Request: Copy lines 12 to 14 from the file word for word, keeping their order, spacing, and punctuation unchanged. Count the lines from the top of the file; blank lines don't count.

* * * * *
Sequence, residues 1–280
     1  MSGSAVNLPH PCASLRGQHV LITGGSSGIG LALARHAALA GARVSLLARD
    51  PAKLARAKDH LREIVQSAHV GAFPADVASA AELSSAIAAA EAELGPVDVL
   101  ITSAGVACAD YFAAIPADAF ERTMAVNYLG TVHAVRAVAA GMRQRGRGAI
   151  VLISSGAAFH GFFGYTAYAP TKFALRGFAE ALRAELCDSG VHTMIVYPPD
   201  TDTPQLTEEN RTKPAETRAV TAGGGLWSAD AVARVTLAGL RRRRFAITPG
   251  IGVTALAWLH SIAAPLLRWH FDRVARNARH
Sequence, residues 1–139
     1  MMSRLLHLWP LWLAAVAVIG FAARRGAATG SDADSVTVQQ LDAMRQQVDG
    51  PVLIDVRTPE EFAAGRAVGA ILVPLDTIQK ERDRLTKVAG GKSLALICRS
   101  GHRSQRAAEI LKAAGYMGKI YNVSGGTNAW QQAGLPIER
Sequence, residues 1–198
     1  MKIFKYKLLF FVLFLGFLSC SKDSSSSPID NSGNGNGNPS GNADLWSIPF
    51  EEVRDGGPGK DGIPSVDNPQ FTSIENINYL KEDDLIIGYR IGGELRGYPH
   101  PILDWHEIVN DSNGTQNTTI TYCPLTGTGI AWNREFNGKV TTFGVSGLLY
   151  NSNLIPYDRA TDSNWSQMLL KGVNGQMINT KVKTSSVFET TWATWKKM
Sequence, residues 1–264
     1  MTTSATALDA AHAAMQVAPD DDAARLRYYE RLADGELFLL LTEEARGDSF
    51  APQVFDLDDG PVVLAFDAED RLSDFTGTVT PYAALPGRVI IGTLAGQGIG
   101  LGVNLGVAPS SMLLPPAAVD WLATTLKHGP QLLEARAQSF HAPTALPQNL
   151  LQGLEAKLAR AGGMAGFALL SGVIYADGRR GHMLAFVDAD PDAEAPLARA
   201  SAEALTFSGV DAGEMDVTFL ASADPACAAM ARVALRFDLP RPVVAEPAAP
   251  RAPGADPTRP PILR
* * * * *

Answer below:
Sequence, residues 1–198
     1  MKIFKYKLLF FVLFLGFLSC SKDSSSSPID NSGNGNGNPS GNADLWSIPF
    51  EEVRDGGPGK DGIPSVDNPQ FTSIENINYL KEDDLIIGYR IGGELRGYPH